In assessing his needs, Natali asks, would any or all of these functional deficiencies inhibit the ability to achieve long-term business goals? And, if the answer is “yes” the decision to outsource is clear-cut.

In addition to aligning on strategic goals, Natali acknowledges the importance of connecting with the operations people who will be handling his business. “I need to meet the on-site leader from the 3PL,” says Natali. “That leader needs to be a doer and, more importantly, that leader needs to be a force of nature. They have to have this competence, energy and work ethic that is awe-inspiring to behold.”

He is also looking for a supplier who is tops in its area of expertise and, he’s not afraid to admit, “they need to be smarter than me.” And, he adds, sometimes they need to save him from himself. “They have to be able to challenge me effectively with data and say, ‘You’re gong to hurt yourself if you try to execute this.’”

“With a few exceptions, the days of the completely vertically integrated mega-corporation are over,” says Natali. “If you try to understand how to do everything yourself in-house, the level of execution that you need to have in every piece of your business to be competitive today is just so high that you will spend yourself into the ground trying to be the best there is in every functional element.”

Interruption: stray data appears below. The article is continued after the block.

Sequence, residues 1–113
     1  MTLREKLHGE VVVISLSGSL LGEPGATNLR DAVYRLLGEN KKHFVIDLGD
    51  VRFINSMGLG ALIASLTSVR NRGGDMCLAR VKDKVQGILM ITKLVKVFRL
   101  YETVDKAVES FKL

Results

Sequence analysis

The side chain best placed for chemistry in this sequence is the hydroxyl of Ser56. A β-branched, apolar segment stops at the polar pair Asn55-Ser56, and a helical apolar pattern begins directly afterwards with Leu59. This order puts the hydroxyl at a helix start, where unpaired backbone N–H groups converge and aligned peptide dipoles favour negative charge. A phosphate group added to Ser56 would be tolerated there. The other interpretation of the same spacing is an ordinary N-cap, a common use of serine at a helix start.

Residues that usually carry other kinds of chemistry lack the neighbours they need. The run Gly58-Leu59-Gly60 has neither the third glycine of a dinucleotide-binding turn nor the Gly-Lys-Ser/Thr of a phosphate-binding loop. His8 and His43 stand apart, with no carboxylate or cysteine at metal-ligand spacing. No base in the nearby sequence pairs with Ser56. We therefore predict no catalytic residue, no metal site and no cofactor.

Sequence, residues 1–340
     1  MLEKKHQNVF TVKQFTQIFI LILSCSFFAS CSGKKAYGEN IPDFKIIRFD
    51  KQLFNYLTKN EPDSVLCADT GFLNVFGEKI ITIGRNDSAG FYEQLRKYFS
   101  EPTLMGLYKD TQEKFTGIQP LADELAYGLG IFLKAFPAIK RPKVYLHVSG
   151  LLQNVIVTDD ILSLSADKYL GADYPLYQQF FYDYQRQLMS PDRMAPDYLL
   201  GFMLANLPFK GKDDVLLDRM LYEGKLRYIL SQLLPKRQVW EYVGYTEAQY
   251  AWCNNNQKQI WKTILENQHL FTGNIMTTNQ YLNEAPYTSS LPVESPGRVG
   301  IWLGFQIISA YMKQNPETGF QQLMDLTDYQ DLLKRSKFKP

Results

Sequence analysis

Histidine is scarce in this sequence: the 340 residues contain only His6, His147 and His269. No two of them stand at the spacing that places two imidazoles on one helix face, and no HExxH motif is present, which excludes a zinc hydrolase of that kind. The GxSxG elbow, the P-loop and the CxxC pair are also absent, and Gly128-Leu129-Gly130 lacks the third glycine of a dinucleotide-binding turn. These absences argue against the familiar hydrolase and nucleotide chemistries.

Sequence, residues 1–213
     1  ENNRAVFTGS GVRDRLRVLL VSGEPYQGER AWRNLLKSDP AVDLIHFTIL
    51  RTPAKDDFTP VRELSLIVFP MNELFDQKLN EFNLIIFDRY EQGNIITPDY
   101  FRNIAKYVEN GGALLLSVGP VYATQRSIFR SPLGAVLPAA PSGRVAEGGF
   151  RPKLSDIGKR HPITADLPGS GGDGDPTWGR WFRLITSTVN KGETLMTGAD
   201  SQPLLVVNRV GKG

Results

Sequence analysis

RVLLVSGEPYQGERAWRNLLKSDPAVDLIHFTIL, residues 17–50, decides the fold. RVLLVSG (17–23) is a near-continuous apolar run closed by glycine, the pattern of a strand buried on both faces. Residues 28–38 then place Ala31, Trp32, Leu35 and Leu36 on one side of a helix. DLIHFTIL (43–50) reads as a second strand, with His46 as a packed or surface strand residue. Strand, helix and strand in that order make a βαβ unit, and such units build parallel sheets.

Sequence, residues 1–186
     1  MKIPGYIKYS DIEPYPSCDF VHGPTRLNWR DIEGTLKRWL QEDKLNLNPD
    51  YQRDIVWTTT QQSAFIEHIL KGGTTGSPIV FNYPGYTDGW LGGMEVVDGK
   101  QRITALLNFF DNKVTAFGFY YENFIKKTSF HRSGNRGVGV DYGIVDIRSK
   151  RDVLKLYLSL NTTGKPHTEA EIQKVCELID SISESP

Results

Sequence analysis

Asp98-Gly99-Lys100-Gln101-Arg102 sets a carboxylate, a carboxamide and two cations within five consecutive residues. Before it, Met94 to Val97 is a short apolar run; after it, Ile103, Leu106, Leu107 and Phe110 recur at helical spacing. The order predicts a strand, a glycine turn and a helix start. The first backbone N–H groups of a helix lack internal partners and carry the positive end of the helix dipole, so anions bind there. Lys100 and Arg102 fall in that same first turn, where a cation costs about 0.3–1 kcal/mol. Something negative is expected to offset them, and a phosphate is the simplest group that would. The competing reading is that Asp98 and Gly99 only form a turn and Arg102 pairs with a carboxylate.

That said, Natali adds, Diebold does have a global logistics and warehousing director with a small core group of people who manage critical pieces of the business and manage their logistics providers. And, he continues, there’s an internal sourcing exercise so that Diebold understands the capabilities of the logistics providers they use and their competitors, so if they should need to change resources, they know what is available.

Contracts are typically structured on a three- to fiveyear basis. The core contract covers terms and termination and a series of appendixes spell out specifics so that changes can be made during the contract period without the need to revise the whole contract.